gms | German Medical Science

72. Jahrestagung der Deutschen Gesellschaft für Neurochirurgie (DGNC)
Joint Meeting mit der Polnischen Gesellschaft für Neurochirurgie

Deutsche Gesellschaft für Neurochirurgie (DGNC) e. V.

06.06. - 09.06.2021

The impact of burst motor cortex stimulation on poststroke pain – a literature overview and single-centre experience

Burst Motorkortexstimulation zur Behandlung von Schlaganfall-assozierten Schmerzsyndromen

Meeting Abstract

  • Martin Nüssel - Friedrich-Alexander University (FAU) Erlangen-Nürnberg, Neurosurgery, Erlangen, Deutschland
  • Andreas Stadlbauer - Friedrich-Alexander University (FAU) Erlangen-Nürnberg, Neurosurgery, Erlangen, Deutschland
  • Michael Buchfelder - Friedrich-Alexander University (FAU) Erlangen-Nürnberg, Neurosurgery, Erlangen, Deutschland
  • presenting/speaker Thomas Kinfe - Friedrich-Alexander University (FAU) Erlangen-Nürnberg, Neurosurgery, Division Functional Neurosurgery and Stereotaxy, Erlangen, Deutschland

Deutsche Gesellschaft für Neurochirurgie. 72. Jahrestagung der Deutschen Gesellschaft für Neurochirurgie (DGNC), Joint Meeting mit der Polnischen Gesellschaft für Neurochirurgie. sine loco [digital], 06.-09.06.2021. Düsseldorf: German Medical Science GMS Publishing House; 2021. DocP222

doi: 10.3205/21dgnc504, urn:nbn:de:0183-21dgnc5041

Veröffentlicht: 4. Juni 2021

© 2021 Nüssel et al.
Dieser Artikel ist ein Open-Access-Artikel und steht unter den Lizenzbedingungen der Creative Commons Attribution 4.0 License (Namensnennung). Lizenz-Angaben siehe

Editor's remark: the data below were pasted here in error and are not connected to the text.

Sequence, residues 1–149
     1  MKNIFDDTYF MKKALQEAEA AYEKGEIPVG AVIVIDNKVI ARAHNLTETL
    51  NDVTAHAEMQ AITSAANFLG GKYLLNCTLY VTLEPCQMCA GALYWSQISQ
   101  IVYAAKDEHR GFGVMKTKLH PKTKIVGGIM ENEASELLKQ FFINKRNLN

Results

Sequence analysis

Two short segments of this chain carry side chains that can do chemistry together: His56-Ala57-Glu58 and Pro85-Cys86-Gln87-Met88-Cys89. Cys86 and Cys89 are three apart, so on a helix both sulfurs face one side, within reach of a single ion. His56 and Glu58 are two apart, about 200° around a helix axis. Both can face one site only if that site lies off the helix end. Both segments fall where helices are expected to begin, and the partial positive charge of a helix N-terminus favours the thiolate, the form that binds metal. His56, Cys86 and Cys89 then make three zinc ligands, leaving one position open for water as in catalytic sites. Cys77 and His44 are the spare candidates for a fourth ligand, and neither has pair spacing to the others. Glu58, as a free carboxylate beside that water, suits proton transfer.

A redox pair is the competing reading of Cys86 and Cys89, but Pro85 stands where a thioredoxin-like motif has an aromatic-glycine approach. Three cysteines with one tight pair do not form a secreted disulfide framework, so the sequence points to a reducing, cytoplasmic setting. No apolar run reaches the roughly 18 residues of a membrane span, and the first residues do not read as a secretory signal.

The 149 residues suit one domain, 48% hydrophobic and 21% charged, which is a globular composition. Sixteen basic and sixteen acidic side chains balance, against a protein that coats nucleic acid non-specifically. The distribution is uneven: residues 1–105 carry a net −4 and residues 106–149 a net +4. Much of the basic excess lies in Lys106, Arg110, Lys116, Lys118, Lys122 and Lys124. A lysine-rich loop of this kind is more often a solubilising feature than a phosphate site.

Objective: A considerable percentage of patients with poststroke develop refractory pain with unfavorable responses to established conservative therapy. Brain stimulation, both non-invasive (transcranial magnetic stimulation, transcranial direct current stimulation, transcranial alternating stimulation, transcutaneous vagus nerve stimulation, minimally invasive motor cortex stimulation and invasive deep brain stimulation, has been reported to yield response rates ranging from 25% to 45%. Epidural MCS appears to be superior to DBS of the thalamus or brainstem, and it is used more frequently because of its easier and less invasive application and its wider range of indications.

Methods: We performed a review of human studies applying burst and conventional motor cortex stimulation (burstMCS and cMCS, respectively) on the basis of data sources identified through searches of PubMed, MEDLINE/OVID, and SCOPUS. Our aim was to review and discuss clinical data on the indications of burst MCS for various chronic pain states originating from central stroke (excluding trigeminal facial pain). In addition, we evaluated the efficacy and safety of burst versus cMCS for central poststroke pain with an extended follow-up of 5 years in a 60-year old male.

Results: Observational human cohort studies and one RCT using cMCS waveforms have revealed a meaningful clinical response; however, these studies lacked placebo groups and extended observation periods. In our case report, we found that 3 months of adjunctive cMCS reduced pain levels (visual analog scale (VAS) pre: 9/10 versus VAS post 7/10), whereas the pain decreased further under burst MCS (VAS pre: 7/10 versus VAS post: 2/10); the study involved a follow-up of 5 years and the following parameters: burst rate 40 Hz (500 Hz), 1–1,75 mA, 1 msec, bipolar configuration.

Conclusion: BurstMCS resulted in significantly decreased post-stroke pain observed after 5 years of cMCS. The available literature suggests similar efficacy to that of conventional (tonic) motor cortex stimulation, although the results are preliminary. Mechanistically, the precise mechanism of action is not fully understood. However, burstMCS may interact with the nociceptive thalamic-cingulate and descending spinal pain networks. To determine the potential utility of this treatment, large-scale sham-controlled trials comparing cMCS and burstMCS are recommended.

Table 1 [Tab. 1], Figure 1 [Fig. 1]